Marion Co TOC
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A J NOE Submitted by: Rita F Wallace (email@example.com)
Brother Noe was born in the State of Virginia on the 19th day of July, 1823, and at an early age moved to the State of Kentucky, and in 1851 he came to Yellville, Arkansas, which place has been his home ever since that time. He has been a member of the Methodist Church for a number of years -- he was made a Master Mason in this lodge in 1868, and was an honorary member at the time of his death which occurred on the 30th day of April 1899, and was in his 76th year at the time of his death. For three long years he was confined almost wholly to his room with slight changes in his condition; and gradually loosing (sic) the remnant of his strength. Through the long months of last winter he conversed much and at times cheerfully with his friends. Although he did not expect a restoration to his health he cherished the hope that the mild season of spring, as he expressed it, would bring to him strength enough to get out in town one time more. But alas! Spring that brings life to all nature, brought no life, nor hope to him. After the month of March, his vital powers rapidly wasted away. For weeks he lay patiently awaiting the stroke of death. But the approach of the Grim destroyer had no terrors for him -- no clouds hung over his future -- he met the end with resignation and composure and his pathway to the grave was brightened by the immortal hopes which springs (sic) from the Christain (sic) faith. It will assuage the grief of his family to know that he looked hopefully beyond the tomb and his far away friends will rejoice to hear that in his last hours he reposed with simplicity and confidence upon the promises of the Gospel. During periods of his long confinement, his suffering was heart rending. No circumstances of torture or of horror was omitted from the awful ordeal through which he slowly passed. He sought the aid of science, for life was sweet to him. But finally, for months before he passed in under the deep shadow of death, he told his friends that he was ready to submit to the decree of providence -- that he had suffered a thousand deaths.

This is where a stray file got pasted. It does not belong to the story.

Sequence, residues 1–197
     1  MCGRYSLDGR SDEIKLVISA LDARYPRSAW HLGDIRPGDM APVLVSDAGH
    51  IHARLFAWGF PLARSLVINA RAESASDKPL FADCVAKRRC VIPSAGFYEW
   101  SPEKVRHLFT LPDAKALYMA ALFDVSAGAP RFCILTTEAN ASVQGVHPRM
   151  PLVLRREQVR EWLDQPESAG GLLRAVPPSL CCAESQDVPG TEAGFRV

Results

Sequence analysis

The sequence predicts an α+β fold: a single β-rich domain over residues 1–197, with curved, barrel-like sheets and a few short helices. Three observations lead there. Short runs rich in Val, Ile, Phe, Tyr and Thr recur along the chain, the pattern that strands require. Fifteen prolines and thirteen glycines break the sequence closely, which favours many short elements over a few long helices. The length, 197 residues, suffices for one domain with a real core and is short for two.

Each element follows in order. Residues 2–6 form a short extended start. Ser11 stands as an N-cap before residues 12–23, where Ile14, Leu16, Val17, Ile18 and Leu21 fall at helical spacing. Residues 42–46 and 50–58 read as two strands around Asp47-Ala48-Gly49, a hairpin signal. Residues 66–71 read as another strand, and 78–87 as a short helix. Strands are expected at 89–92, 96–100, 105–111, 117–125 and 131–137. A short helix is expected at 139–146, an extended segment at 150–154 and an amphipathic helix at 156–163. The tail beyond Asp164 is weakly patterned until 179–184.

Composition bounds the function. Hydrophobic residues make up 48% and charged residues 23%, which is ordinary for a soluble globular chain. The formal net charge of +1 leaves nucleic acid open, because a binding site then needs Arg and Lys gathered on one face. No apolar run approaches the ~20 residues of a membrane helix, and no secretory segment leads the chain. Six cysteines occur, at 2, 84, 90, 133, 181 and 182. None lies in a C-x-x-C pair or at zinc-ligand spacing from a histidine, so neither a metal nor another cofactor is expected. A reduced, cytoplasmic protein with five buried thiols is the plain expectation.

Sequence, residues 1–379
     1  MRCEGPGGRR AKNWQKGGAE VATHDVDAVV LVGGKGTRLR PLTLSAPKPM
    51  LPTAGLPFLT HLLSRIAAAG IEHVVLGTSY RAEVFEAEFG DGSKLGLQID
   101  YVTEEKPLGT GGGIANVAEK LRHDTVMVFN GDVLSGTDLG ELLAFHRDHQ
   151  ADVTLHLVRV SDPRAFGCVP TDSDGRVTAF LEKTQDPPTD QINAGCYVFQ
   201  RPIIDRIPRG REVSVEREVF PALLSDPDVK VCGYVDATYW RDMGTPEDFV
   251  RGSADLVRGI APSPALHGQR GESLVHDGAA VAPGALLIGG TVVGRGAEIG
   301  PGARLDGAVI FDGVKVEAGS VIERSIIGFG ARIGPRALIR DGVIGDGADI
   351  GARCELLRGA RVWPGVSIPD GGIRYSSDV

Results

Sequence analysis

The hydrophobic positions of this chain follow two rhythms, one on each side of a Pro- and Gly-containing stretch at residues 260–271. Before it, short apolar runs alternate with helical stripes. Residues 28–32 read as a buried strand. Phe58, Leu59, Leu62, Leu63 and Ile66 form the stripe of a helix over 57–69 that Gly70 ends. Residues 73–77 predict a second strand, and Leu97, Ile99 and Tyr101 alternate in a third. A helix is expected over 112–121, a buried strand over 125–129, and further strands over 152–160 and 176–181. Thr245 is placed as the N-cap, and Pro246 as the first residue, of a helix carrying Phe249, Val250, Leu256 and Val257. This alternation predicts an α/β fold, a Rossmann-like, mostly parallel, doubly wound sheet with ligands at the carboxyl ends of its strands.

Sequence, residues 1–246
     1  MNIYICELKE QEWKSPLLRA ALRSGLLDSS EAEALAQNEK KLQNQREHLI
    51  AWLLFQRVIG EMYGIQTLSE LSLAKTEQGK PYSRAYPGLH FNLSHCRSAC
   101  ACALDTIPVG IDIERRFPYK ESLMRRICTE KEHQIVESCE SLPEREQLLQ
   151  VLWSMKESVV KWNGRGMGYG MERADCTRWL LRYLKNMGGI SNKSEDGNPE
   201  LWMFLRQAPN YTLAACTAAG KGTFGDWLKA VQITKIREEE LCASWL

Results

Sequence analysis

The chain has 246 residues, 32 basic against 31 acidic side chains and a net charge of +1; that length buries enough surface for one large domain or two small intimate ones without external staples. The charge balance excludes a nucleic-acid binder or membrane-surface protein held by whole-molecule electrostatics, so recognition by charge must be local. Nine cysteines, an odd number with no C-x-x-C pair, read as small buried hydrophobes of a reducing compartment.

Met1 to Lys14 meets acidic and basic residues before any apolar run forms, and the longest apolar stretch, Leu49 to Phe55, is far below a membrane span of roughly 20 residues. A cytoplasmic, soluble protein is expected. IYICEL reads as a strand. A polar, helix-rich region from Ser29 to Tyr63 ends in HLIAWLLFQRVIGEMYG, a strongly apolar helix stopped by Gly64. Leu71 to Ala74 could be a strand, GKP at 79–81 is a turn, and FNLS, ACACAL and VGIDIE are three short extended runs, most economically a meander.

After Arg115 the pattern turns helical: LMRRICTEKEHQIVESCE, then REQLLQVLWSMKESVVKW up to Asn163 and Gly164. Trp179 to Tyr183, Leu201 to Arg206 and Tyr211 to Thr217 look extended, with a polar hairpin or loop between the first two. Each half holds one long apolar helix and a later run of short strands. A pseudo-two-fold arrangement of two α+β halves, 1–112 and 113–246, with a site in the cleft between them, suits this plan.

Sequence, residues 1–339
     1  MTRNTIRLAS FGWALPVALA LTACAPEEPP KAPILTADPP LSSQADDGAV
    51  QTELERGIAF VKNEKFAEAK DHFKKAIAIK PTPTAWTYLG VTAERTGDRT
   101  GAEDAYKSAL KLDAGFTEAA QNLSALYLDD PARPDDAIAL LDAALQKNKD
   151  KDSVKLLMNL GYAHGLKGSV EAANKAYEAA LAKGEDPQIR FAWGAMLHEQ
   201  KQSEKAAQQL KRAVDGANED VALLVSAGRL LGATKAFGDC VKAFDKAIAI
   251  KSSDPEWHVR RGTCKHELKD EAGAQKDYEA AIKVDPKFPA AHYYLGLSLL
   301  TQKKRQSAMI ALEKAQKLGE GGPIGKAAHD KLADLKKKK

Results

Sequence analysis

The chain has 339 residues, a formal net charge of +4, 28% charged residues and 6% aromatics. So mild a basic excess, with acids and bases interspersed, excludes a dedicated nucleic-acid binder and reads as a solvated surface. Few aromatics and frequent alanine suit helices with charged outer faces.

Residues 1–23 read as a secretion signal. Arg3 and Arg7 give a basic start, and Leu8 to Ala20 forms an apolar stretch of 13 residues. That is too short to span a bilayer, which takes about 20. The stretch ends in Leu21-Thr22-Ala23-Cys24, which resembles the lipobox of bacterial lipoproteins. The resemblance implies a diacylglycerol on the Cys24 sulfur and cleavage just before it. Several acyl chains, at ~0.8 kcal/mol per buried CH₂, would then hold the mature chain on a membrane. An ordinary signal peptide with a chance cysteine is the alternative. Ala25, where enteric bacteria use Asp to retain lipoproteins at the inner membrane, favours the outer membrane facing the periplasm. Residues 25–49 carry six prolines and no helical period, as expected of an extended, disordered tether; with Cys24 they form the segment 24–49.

SOURCE: Located in the miscellaneous papers of B. F. Fee. Published in the Arkansas Family Historian, Vol. 21 (4), Dec 1983.
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